710 West 168th Street, 3rd floor
IN THE LAB:
Ismael Santa-Maria Perez, PhD
Research in our laboratory is focused on understanding the mechanisms maintaining or altering tau proteostasis in neurons, and their relevance in aging and Alzheimer's disease (AD). Intracellular accumulation of neurofibrillary tangles of hyperphosphorylated misfolded tau proteins is one of the main hallmarks in many neurodegenerative diseases, including AD. Little is known about the mechanisms underlying tau dysfunction and neurofibrillary degeneration but a dysfunctional regulation of protein expression has been proposed to participate in the pathogenesis of AD and related tauopathies. In addition, it is unclear whether disturbances in the levels of microRNAs or other molecules that directly regulate tau proteostasis contribute to the pathogenesis of AD. Hence, investigating how certain microRNAs impact tau synthesis and accumulation in the disease is currently the main interest of our laboratory. We employ a variety of biochemical, cell culture, and transgenic animal approaches and techniques in our research, in close collaboration with other members of the Taub Institute, including Brian McCabe, Michael Shelanski, and Karen Duff.
Our research has shown a specific microRNA, miR-219, is downregulated in AD in autopsy brain tissue from the New York Brain Bank (courtesy of Jean Paul G. Vonsattel & Etty Cortes). Using mammalian cell cultures and a novel transgenic Drosophila model, we have also found that miR-219 directly binds to the tau mRNA 3' untranslated region (UTR) and silences its expression at the post-transcriptional level. Moreover, in transgenic Drosophila flies that express human tau, we observed that miR-219 reduced tau toxicity, suggesting that miR-219 is part of a vital regulatory mechanism that prevents the deposition of tau (Figure 1).
Figure 1: Modulation of tau toxicity by miR-219 in Drosophila. Images show tau induced phenotype in the fly eye which is modulated in the presence or absence of miR-219.
Strikingly, our bioinformatics analysis indicates miR-219 is also predicted to target Tau tubulin kinase 1 (TTBK1), Calcium/calmodulin-dependent protein kinase II (CaMKII), AMP-activated protein kinase (AMPK), and Glycogen synthase kinase 3 beta (GSK3β), which are all implicated in the generation of abnormal hyperphosphorylated tau. Our central hypothesis is that downregulation of microRNAs leads to de-repression of a genetic program that increases expression of genes that drive tau toxicity (Figure 2).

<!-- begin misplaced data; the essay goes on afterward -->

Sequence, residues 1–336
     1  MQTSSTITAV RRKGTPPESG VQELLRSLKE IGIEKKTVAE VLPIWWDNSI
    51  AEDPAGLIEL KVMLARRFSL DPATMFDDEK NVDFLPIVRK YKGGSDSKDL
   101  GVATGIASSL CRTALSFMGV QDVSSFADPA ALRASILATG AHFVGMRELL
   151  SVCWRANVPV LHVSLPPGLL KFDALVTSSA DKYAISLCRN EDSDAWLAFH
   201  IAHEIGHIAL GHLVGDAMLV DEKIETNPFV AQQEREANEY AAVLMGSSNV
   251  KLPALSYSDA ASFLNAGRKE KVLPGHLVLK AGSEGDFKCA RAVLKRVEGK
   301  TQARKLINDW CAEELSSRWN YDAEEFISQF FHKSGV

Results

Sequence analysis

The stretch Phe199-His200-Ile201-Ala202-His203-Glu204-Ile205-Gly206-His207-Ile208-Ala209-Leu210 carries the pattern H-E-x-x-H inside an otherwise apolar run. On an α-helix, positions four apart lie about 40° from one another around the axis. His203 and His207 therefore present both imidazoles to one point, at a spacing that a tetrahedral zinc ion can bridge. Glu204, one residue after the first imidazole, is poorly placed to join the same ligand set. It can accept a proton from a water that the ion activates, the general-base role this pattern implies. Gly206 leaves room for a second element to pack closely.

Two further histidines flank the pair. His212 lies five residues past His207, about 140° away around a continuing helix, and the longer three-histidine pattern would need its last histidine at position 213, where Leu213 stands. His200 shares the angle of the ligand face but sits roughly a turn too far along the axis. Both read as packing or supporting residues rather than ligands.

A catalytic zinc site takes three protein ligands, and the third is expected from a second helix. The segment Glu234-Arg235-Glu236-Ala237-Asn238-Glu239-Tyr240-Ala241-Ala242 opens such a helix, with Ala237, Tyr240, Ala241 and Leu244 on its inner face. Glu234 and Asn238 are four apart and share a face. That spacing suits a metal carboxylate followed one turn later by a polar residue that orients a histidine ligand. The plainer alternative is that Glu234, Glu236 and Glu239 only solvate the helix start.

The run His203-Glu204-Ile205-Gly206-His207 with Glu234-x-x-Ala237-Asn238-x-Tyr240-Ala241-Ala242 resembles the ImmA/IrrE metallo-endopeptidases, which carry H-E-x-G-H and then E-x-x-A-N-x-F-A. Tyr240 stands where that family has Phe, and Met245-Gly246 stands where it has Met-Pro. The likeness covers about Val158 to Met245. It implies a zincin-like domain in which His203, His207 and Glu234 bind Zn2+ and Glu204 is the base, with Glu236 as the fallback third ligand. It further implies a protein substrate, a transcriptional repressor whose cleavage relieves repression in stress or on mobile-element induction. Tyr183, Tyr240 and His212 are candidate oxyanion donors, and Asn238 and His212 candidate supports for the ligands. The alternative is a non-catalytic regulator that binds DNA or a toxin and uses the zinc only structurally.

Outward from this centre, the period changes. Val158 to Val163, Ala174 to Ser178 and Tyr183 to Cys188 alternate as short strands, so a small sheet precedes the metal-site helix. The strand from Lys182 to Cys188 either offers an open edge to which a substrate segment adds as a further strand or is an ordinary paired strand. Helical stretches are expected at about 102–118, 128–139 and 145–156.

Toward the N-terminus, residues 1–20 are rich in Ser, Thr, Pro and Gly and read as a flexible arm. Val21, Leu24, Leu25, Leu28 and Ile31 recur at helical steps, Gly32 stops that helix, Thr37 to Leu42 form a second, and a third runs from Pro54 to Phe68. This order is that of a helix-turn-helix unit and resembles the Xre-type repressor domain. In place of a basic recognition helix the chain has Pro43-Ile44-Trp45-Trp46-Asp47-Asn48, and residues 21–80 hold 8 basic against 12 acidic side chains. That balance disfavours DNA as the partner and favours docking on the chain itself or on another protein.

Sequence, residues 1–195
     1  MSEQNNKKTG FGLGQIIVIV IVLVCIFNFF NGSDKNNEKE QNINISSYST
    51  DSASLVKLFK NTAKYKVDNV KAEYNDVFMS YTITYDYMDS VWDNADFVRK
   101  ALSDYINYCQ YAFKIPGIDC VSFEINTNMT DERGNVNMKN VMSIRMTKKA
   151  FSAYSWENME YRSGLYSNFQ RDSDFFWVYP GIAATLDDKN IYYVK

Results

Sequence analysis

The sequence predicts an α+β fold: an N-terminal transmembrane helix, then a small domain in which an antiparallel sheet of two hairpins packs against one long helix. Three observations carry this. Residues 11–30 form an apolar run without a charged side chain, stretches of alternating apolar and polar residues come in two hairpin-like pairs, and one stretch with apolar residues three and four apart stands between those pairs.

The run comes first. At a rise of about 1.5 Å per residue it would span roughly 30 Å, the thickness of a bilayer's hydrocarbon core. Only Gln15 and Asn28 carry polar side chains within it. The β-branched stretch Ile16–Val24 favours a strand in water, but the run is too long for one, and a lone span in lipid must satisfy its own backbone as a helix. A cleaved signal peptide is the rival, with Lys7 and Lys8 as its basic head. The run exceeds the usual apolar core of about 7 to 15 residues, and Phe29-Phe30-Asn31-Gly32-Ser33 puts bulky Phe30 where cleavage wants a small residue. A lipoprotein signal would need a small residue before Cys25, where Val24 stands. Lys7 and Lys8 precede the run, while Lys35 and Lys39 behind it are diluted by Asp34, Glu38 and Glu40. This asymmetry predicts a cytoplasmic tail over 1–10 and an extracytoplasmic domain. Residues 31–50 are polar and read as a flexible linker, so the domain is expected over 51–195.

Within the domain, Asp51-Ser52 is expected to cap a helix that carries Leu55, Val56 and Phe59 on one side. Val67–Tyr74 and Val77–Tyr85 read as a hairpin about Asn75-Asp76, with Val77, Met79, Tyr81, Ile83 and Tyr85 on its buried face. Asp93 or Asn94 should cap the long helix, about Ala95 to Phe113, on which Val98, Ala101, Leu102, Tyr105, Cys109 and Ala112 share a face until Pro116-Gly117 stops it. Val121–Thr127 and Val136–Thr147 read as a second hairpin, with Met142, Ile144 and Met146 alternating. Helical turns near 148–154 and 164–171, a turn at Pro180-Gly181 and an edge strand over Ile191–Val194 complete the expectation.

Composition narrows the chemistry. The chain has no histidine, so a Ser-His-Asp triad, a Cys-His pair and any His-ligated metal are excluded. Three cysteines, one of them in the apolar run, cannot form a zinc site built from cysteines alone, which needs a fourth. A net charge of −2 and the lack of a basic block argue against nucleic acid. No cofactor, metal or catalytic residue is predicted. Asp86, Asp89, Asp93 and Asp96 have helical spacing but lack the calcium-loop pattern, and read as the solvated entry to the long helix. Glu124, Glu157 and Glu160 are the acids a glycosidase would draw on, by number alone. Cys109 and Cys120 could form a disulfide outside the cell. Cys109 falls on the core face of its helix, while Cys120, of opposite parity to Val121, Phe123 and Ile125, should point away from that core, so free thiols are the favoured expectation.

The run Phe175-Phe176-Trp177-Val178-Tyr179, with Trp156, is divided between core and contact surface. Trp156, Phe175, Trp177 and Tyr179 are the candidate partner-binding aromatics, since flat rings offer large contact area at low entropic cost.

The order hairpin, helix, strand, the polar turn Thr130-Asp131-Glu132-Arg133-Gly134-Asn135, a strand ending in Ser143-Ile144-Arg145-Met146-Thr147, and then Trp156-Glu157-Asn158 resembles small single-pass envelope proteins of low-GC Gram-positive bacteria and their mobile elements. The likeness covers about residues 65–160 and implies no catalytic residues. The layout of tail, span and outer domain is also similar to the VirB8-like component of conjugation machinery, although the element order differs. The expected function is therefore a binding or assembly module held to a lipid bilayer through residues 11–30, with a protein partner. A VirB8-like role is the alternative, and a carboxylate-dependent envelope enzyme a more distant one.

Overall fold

Figure 2: Synchronous regulation of tau and tau kinases by microRNAs.
Maria Eugenia Alaniz is leading the project using Drosophila melanogaster (fruit fly) as an animal model to continue exploring the role of microRNAs in tau pathogenesis. This work, in collaboration with Brian McCabe, aims to characterize microRNA regulation of the expression of tau and GSK3β and to demonstrate that microRNAs modulate tau neurotoxicity using various CRISPR-edited and other transgenic flies we have developed. Isabel Nelson is leading our efforts in addressing the role of microRNAs in tau proteostasis regulation in mammalian cellular systems, in neuronal cell lines and neuronal primary cultures. She is specifically focused on the question of how miR-219 levels are regulated and whether this microRNA targets other proteins modulating tau physiology and pathology. In addition, we all continue investigating the role of microRNAs in the post-transcriptional regulation of tau in mice. We are working in collaboration with Karen Duff to determine the extent to which tau 3â€™UTR-microRNA interactions influence tau toxicity in a transgenic mouse model of AD-related tauopathy.
Figure 3: Synchronous regulation of tau and tau kinases by microRNAs.
Additionally, in order to rule out which other molecules might directly regulate tau proteostasis and neuronal cell death, we are working in collaboration with Ying Jean and Carol Troy on a project involving CUGBP2, an RNA binding protein identified by genome wide association studies (GWAS) in late-onset AD.
Members of the Santa-Maria Perez Laboratory include, from left to right, Isabel Nelson, Ismael Santa-Maria Perez and Maria Eugenia Alaniz.